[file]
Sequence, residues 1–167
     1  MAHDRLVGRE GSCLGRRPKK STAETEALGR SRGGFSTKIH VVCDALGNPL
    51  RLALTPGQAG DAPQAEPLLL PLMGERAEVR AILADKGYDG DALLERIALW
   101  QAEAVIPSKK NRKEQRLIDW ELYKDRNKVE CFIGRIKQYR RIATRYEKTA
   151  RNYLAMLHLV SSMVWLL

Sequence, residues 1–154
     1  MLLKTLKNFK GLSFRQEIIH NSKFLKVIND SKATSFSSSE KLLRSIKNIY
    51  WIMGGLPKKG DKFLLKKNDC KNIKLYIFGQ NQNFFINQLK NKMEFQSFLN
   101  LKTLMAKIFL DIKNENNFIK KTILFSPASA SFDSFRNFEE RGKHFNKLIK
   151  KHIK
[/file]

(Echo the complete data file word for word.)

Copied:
Sequence, residues 1–167
     1  MAHDRLVGRE GSCLGRRPKK STAETEALGR SRGGFSTKIH VVCDALGNPL
    51  RLALTPGQAG DAPQAEPLLL PLMGERAEVR AILADKGYDG DALLERIALW
   101  QAEAVIPSKK NRKEQRLIDW ELYKDRNKVE CFIGRIKQYR RIATRYEKTA
   151  RNYLAMLHLV SSMVWLL

Sequence, residues 1–154
     1  MLLKTLKNFK GLSFRQEIIH NSKFLKVIND SKATSFSSSE KLLRSIKNIY
    51  WIMGGLPKKG DKFLLKKNDC KNIKLYIFGQ NQNFFINQLK NKMEFQSFLN
   101  LKTLMAKIFL DIKNENNFIK KTILFSPASA SFDSFRNFEE RGKHFNKLIK
   151  KHIK